Chris Harris has written a series of blog posts showing how to use SQLFire from within Grails. In the process he introduces a couple of very interesting features of SQLFire that I wanted to talk more about, specifically how your app should take advantage of SQLFire's elasticity and the possibility of using SQLFire as a cache. Grails is a web development framework based on the Groovy programming language, and is designed to make writing web applications quick and painless. Using SQLFire from Grails is quite simple, mainly because SQLFire supports a JDBC interface, so connecting Grails apps to SQLFire only requires changing two lines.

Getting Started With SQLFire and Grails

Chris's first post shows the basics of creating an application and connecting it to SQLFire. All total there are 10 lines of code, excluding whitespace, which is really good considering Chris introduces constraints around maximum and minimum valid name lengths. The "grails create-controller" command handles the messy details of actually doing these constraint checks so the developer can focus on more important things.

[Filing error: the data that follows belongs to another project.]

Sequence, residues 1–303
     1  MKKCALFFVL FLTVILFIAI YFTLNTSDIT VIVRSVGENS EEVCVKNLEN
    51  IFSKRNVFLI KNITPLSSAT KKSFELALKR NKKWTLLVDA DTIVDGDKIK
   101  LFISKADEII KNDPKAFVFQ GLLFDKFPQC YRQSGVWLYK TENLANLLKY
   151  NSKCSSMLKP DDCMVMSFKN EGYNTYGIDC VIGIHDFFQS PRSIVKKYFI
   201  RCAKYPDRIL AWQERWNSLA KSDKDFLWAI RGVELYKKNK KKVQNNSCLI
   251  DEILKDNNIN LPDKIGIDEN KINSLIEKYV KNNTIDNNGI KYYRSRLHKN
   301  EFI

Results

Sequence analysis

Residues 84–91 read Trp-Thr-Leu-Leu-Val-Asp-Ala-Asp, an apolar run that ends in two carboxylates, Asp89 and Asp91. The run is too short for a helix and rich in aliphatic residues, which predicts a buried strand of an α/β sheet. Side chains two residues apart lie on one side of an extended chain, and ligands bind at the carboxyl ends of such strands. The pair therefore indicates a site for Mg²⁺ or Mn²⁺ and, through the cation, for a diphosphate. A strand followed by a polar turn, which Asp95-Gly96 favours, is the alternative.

Taking Advantage of SQLFire's Elasticity

Next, Chris introduces the concept of the SQLFire Locator. SQLFire is elastic by design, meaning that you can add and remove nodes whenever you want. When you do that, data is automatically rebalanced across all SQLFire nodes. You can see how this could be a problem, your app needs to be sure it's talking to something that's not going to go away some time in the future. SQLFire solves this using things called Locators. Locators keep track of what nodes exist in the SQLFire system and where data resides within the system. They are also persistent so your app can rely on the Locator to always be in the same place.